What Should Constitute a Model to Inform Education Practices?
In the contemporary world, the crucial role that education plays cannot be overemphasized. In the most common way, it is through education that the world would attain the so-desired sustainable development. In this consideration, the world has been grappling to improve education and align it to the societal goals. The eventuality has been the emergence of various paradigms, approaches and concepts pertaining to learning styles, some of which have appeared to conflict and even oppose each other. The crucial question is then what should add up to a desirable theory to inform the education practices. This paper presents one of the popular views that may be crucial in informing education practices.
According to Egan (1992), there can be neo desirable education approach as that which acknowledges the imperativeness of the imagination processes. The crucial question that arises is then how this holds. There are various reasons as to why imagination is crucial. Imagination enables the learners to visualize possibilities that exist in a given actuality. Imagination can be perceived as the process whereby once perceives what is unconventional. In other cases, imagination has also often been associated with creativity. It is also arguable that people make sense out of the world through imagining and narrating. Indeed, imagination is not only considered a pivotal component in understanding narrative composition, but also in understanding them. Yet, according to Egan, imagination in education is crucial for certain reasons. First, imagination is pivotal to the learning processes. Here, it has been widely concurred that human mind has the likeness of a computer, where information is only stored for later retrieval. This is often the case in the situations of exam tests.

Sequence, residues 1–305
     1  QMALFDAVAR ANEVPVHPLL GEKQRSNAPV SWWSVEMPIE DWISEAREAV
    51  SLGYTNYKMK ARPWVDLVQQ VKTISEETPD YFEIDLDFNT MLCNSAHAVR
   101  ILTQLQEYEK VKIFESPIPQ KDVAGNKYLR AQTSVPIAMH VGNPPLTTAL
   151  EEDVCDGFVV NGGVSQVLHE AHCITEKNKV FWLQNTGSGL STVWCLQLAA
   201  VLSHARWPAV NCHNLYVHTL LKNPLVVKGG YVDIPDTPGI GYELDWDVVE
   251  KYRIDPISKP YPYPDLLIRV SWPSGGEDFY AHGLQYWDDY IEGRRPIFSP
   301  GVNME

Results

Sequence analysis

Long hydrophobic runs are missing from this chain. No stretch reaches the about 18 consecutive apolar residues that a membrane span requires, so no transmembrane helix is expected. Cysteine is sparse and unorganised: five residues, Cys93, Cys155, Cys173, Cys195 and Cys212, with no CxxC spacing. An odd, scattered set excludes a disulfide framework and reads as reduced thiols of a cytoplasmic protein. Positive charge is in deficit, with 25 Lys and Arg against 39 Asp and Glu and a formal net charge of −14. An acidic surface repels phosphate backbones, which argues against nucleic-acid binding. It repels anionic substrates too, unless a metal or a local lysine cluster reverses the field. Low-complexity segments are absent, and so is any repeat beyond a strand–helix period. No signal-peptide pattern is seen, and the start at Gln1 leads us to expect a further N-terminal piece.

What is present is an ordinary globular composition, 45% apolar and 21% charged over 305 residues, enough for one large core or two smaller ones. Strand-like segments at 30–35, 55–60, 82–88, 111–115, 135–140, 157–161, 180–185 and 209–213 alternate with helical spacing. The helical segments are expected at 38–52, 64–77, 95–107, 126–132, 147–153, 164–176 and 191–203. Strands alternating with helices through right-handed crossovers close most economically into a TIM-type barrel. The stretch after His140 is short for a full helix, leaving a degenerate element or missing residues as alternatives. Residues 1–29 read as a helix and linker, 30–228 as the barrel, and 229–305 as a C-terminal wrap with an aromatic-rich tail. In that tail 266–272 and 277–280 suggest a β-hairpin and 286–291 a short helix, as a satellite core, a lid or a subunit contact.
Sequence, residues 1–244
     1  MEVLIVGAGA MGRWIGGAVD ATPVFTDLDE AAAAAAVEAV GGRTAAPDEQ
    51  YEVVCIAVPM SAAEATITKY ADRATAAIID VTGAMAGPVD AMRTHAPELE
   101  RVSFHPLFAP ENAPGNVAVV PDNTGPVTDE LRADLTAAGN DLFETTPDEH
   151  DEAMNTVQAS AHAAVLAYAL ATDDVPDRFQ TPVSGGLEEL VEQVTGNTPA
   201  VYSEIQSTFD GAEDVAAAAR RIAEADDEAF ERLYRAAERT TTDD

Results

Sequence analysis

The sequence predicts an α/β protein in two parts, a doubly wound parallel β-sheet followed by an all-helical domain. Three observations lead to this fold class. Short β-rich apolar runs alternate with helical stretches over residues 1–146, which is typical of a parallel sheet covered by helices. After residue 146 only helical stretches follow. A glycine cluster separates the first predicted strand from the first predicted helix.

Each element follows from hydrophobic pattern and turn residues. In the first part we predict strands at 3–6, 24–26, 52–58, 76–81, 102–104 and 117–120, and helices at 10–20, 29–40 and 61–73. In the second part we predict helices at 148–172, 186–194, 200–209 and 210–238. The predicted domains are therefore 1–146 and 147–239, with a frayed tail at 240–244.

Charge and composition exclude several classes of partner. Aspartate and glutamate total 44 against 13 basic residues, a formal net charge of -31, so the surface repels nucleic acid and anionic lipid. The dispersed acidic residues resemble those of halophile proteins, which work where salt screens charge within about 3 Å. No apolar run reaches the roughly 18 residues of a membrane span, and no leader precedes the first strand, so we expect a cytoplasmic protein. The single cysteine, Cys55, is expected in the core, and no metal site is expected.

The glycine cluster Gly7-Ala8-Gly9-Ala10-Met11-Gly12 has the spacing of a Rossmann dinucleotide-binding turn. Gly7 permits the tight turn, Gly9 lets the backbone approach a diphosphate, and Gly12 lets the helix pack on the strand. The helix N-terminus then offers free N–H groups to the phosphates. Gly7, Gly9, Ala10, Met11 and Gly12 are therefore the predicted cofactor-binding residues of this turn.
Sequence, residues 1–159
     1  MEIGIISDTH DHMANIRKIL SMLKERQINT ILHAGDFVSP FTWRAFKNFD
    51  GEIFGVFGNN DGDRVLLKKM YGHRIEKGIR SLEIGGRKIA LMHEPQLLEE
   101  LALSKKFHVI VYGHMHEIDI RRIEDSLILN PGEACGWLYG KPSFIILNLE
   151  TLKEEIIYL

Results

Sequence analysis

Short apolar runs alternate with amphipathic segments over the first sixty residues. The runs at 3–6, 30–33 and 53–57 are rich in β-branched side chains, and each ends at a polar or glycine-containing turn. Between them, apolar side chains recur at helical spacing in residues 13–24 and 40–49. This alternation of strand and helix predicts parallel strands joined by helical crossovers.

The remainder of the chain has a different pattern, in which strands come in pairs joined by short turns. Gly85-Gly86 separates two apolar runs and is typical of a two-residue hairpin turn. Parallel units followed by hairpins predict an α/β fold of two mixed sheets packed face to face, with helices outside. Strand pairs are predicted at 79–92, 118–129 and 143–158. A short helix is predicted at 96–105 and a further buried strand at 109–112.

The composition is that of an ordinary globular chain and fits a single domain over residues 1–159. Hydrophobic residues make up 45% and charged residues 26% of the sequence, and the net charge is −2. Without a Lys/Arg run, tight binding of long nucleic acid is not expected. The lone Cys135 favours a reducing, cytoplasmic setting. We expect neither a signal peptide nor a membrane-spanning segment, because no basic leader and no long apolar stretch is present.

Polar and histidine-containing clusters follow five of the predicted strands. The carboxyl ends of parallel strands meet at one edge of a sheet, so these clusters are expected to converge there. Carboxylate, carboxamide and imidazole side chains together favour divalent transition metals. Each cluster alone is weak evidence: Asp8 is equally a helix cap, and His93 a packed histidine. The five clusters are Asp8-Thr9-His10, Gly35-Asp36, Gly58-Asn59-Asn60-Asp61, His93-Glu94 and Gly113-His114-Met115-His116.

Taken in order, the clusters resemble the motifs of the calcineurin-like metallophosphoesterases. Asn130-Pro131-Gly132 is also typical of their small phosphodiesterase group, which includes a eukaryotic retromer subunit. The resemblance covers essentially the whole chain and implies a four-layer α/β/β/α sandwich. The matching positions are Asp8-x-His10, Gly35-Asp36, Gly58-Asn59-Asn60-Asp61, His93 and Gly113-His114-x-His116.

According to Egan, this trend is not uncommon, and education is now characterized by the mechanical storage of information. Yet the human mind is different from the computer. The process of problem solving and expertise in human beings is dependent upon background senses of the underlying contexts and of what is paramount and compelling at the given time, as opposed to the process of searching through combinations to of possibilities to discern what is required. More often than not, human beings apply these skills when they encounter difficult problems that require them to stop, look back and run a search through the ideas one at a time. During such occasions, ideas are unintelligent and precise. Human mind then presents these ideas as free symbols that they manipulate using language and logic. Human beings take action without the use of conscious symbolic reasoning, as when human beings recognize faces or find what is right to say. Human beings decide on appropriate response without giving considerations to alternatives. These are the implications of human intelligence and expertise whereby human intuitions have been trained to the point that they forget rules, so that they simply react to situations. Human senses about situations are goals, bodies and culture, which include attitudes, unconscious intuitions, and knowledge about the surrounding. This basic knowledge is intuitively stored in the brains. This process can never be achieved by the computers.